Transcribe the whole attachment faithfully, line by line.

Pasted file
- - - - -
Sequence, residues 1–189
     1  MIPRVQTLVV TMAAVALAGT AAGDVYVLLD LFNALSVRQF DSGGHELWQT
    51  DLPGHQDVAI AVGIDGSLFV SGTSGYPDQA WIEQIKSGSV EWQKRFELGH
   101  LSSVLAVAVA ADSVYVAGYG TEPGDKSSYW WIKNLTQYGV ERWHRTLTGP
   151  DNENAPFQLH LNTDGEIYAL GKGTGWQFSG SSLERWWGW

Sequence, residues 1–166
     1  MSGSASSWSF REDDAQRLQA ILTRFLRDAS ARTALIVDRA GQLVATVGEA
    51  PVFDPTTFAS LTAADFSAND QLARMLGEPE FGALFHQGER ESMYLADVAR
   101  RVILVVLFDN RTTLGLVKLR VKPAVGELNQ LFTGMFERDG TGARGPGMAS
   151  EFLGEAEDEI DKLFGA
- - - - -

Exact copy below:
Sequence, residues 1–189
     1  MIPRVQTLVV TMAAVALAGT AAGDVYVLLD LFNALSVRQF DSGGHELWQT
    51  DLPGHQDVAI AVGIDGSLFV SGTSGYPDQA WIEQIKSGSV EWQKRFELGH
   101  LSSVLAVAVA ADSVYVAGYG TEPGDKSSYW WIKNLTQYGV ERWHRTLTGP
   151  DNENAPFQLH LNTDGEIYAL GKGTGWQFSG SSLERWWGW

Sequence, residues 1–166
     1  MSGSASSWSF REDDAQRLQA ILTRFLRDAS ARTALIVDRA GQLVATVGEA
    51  PVFDPTTFAS LTAADFSAND QLARMLGEPE FGALFHQGER ESMYLADVAR
   101  RVILVVLFDN RTTLGLVKLR VKPAVGELNQ LFTGMFERDG TGARGPGMAS
   151  EFLGEAEDEI DKLFGA